In contrast to Kahlo’s current fame, she remained largely unrecognized until the late 1970s when art historians and political activists rediscovered her work. Since then, she has became an icon to many—including the Chicano, feminist, and LGBTQ movements. The World of Frida is a remarkable tribute to an artist who continues to influence millions by the simple fact that she always remained true to herself.
FRIDA KAHLO IN CONTEXT
The exhibition, organized by the Hudson River Museum to complement The World of Frida, provides a window through which to understand the artist by exploring her culture, life experiences, and personal expression through portraits, historical images, and folkloric costumes.
Frida Kahlo has sparked both admiration and fascination in people from around the world. There is an aura of mystery around the artist, in which the story of her life is intertwined with the personal subject matter and powerful surreal style of her paintings. A devastating bus accident at age eighteen left Kahlo with painful injuries that never completely healed, despite numerous surgeries throughout her life. Yet, the time spent in recovery led her to take up painting to express her experience of pain and loss. As a young, aspiring artist, she sought the counsel of famed Mexican Muralist Diego Rivera, twenty years her senior, and they fell madly in love.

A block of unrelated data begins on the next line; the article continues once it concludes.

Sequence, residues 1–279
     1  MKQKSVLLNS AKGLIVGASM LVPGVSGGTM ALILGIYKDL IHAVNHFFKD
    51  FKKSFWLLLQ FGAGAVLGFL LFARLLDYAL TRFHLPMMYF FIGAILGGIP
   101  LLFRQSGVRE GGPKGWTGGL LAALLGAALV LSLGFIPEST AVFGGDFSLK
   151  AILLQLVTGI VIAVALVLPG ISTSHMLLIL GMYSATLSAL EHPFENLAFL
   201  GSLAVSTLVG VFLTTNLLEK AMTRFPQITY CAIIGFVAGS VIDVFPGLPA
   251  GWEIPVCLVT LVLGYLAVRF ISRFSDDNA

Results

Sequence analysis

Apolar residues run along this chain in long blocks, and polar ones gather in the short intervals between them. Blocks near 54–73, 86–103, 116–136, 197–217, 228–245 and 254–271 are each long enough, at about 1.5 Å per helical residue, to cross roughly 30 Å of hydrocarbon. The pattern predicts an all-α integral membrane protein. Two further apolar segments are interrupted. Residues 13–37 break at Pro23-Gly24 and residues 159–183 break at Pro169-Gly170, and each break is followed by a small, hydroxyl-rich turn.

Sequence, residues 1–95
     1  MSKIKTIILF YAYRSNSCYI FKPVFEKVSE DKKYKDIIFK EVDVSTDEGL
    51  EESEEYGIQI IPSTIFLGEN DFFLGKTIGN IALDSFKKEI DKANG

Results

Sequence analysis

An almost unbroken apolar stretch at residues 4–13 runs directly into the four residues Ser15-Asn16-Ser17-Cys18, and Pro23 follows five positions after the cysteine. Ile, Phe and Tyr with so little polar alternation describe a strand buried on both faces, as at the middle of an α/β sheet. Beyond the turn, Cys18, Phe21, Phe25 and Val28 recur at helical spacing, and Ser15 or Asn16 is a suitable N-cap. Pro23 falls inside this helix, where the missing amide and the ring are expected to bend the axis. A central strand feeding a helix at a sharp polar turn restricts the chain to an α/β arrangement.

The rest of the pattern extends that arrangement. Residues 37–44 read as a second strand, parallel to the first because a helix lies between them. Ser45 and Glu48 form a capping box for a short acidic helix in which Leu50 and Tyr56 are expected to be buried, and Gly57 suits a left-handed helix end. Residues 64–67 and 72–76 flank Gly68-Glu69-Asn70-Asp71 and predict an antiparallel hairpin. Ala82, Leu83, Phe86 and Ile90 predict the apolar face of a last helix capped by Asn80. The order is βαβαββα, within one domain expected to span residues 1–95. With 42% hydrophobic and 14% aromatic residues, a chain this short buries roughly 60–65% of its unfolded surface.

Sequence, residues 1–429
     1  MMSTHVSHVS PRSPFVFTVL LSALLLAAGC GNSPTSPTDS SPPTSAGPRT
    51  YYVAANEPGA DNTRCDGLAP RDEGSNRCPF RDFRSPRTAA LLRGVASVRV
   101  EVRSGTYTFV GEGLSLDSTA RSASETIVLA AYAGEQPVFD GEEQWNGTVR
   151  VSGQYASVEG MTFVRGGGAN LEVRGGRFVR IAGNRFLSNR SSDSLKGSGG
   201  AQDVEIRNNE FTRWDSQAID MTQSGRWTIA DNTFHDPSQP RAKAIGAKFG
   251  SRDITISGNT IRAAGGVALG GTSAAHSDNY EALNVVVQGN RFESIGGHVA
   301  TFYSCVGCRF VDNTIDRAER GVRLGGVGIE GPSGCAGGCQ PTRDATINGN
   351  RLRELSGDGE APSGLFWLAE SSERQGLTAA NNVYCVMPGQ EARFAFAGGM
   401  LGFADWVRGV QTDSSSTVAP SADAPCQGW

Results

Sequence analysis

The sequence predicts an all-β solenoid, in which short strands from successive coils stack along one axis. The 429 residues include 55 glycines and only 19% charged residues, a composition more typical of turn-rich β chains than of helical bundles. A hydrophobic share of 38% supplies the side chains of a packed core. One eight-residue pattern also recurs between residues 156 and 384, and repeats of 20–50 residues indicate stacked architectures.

Their complicated marriage included a great deal of admiration for each other’s art, but also numerous infidelities on both sides, divorce, remarriage, and emotional pain that added to Kahlo’s physical struggles and emerged powerfully in her paintings.
The persona of Kahlo is inextricable from her beloved Mexico and her relationship with Rivera. Frida Kahlo in Context explores this milieu, showcasing legendary photographs of Kahlo as well as artwork related to her personal life and Mexico. Eighteen photographic portraits capture Kahlo’s personality, fashion, and domestic life, including her relationship with Diego Rivera. The setting of several images is the couple’s beloved home, La Casa Azul (the Blue House), in Coyoacán, a municipality of Mexico City.
Three vivid color portraits taken by Nickolas Muray, who not only documented Kahlo but also became her friend and lover, inspired several of the artists featured in The World of Frida. Other photographers include Florence Arquin, Lola Álvarez Bravo, Manuel Álvarez Bravo, Héctor García, Juan Guzmán, Fritz Henle, Bernice Kolko, and Bernard Silverman.
Kahlo was deeply invested in Mexico’s cultural revitalization and respected the splendor and resilience of indigenous Mexican culture. The exhibition also includes nineteenth-century photographs and a 1930 painting by George Stengel that illustrate locations around Mexico City frequented by the artists, such as the Paseo de la Reforma, the Cathedral of Guadalupe, and the monastery at Churubusco. These images are complemented by five dance ensembles from Oaxaca, Mexico, the region where Kahlo’s mother was born.Five costumes, lent by the Ballet Folklórico Mexicano de Nueva York, reflect the persona Kahlo crafted for herself wearing similar traditional clothing.
Arriving as a special addition to the exhibition in March will be La ofrenda (The Offering), an important painting by Diego Rivera, on loan fromArt Bridges. It depicts three people at an altar to honor the dead in a rainforest, paying tribute to the Mexican cultural tradition of Día de Muertos, the Day of the Dead. La ofrenda reflects the beauty and cultural endurance of post-revolution Mexico, demonstrating Rivera’s belief that “the artist is a direct product of life … and a reflector of the aspirations, the desires, and the hopes of his age.”Female artistFrida Kahlo